The first problem is to overcome the heat accumulation effect for high repetition rate of laser pulses.
The second problem is to overcome the plasma shielding effect without interruption or slowing down of laser beam scanning process.
The third problem is formation of large arrays of micro- or macro objects with specific laser pulse distribution inside of them with low volume of processing data.
The fourth problem is writing of large array of microobjects by ultra-high speed laser beam scanning without computation delay and laser beam speed decreasing for microobjects array processing.
The fifth problem is reduction of polygon scanner artefacts (jitter, banding, bow and other) for laser beam processing with the large array of objects.Solution
The present invention is a new method of laser processing of material, which is named shifted laser surface texturing (in the shorter form—shifted LST). The invented shifted LST is a method of writing of array of small objects (cylinders, cones, donuts or microcubes and etc.) on surface or inside of a material. By writing is meant any process induced by laser, which produce a material change, for example marking, engraving, recrystallization, melting, forming, and film removal. The whole array of objects is produced by repeated linear raster laser processing with sequential shifting of the linear raster between each repetition of the scanning process. Each object in the array is formed by a sequence of laser spots—maximum one spot during each raster repetition.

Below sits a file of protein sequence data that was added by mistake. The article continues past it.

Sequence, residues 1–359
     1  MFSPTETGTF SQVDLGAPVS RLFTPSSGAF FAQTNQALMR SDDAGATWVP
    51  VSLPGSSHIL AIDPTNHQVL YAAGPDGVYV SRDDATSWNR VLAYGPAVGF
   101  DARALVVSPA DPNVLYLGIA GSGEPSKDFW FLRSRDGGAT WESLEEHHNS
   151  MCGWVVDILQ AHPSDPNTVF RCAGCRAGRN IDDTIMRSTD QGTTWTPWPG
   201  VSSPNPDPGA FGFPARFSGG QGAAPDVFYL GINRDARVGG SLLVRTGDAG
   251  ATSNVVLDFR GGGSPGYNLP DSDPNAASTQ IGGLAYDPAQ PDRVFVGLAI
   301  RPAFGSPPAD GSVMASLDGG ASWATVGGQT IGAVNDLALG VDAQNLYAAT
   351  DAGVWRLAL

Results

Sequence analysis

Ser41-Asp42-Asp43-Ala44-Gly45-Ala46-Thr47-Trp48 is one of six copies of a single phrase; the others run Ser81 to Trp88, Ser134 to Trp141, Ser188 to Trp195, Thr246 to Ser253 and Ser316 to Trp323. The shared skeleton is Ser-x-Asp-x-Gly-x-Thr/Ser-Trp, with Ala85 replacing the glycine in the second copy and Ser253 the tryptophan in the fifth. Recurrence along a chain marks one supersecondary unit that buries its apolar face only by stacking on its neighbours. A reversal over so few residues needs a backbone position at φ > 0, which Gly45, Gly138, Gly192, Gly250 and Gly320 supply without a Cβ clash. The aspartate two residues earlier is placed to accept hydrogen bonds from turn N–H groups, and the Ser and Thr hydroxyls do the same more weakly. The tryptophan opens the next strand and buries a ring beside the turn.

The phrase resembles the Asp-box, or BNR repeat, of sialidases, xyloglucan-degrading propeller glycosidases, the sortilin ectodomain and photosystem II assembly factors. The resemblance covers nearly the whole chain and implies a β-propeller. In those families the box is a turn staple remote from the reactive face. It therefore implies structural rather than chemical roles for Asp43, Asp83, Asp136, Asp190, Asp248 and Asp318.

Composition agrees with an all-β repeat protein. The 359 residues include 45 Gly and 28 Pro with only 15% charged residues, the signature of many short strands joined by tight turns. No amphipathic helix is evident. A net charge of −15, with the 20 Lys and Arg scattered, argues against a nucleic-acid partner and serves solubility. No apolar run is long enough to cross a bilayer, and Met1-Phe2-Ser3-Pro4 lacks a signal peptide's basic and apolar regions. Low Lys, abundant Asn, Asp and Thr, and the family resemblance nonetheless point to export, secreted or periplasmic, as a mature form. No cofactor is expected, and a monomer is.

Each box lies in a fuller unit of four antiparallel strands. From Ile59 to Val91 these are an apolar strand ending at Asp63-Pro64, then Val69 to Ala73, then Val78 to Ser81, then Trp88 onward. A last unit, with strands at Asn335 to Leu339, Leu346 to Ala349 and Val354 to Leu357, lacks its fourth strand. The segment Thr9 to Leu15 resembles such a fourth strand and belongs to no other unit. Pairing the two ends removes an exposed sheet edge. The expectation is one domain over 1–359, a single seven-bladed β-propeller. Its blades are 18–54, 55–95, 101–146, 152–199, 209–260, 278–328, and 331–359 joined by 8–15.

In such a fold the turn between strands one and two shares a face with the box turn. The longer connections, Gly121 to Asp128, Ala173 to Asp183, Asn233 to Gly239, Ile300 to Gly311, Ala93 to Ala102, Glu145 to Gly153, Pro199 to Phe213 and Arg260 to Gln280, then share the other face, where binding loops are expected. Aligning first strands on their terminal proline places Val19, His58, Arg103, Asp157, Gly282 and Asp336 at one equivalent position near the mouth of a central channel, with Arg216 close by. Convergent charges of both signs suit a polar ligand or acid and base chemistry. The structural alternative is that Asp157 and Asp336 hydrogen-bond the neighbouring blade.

The linear raster is a set of paths for laser beam scanning (
When the first linear raster laser scan is finished, the next linear raster laser scan starts from position which is shifted on the processing surface (
Sequence of linear raster shifts defines the form of the small objects in the array (
In the present invention the overlapping of spots inside of the objects is defined by a shifting vector value of the linear raster. There isn't direct determination of every object in the whole array, but the form of objects, distance between spots in the objects and delays between spots writing for whole objects are defined by the sequence of shifts between linear raster scanning processes. This is a solution for the third mentioned problem, because there is no need to spend additional computational resources and total value of computational data for an array of the same objects is comparable to the number of lines N in one linear raster plus number of spots in one object M (
In the present invention the shifted LST method produces array of objects by shifting of the linear raster, which corresponds to formation of objects inside of the array. As a result, it is not needed to spend any time for control of processing of every object in the array separately. This is a solution of the fourth problem—for laser beam processing in ultra-fast scanning systems.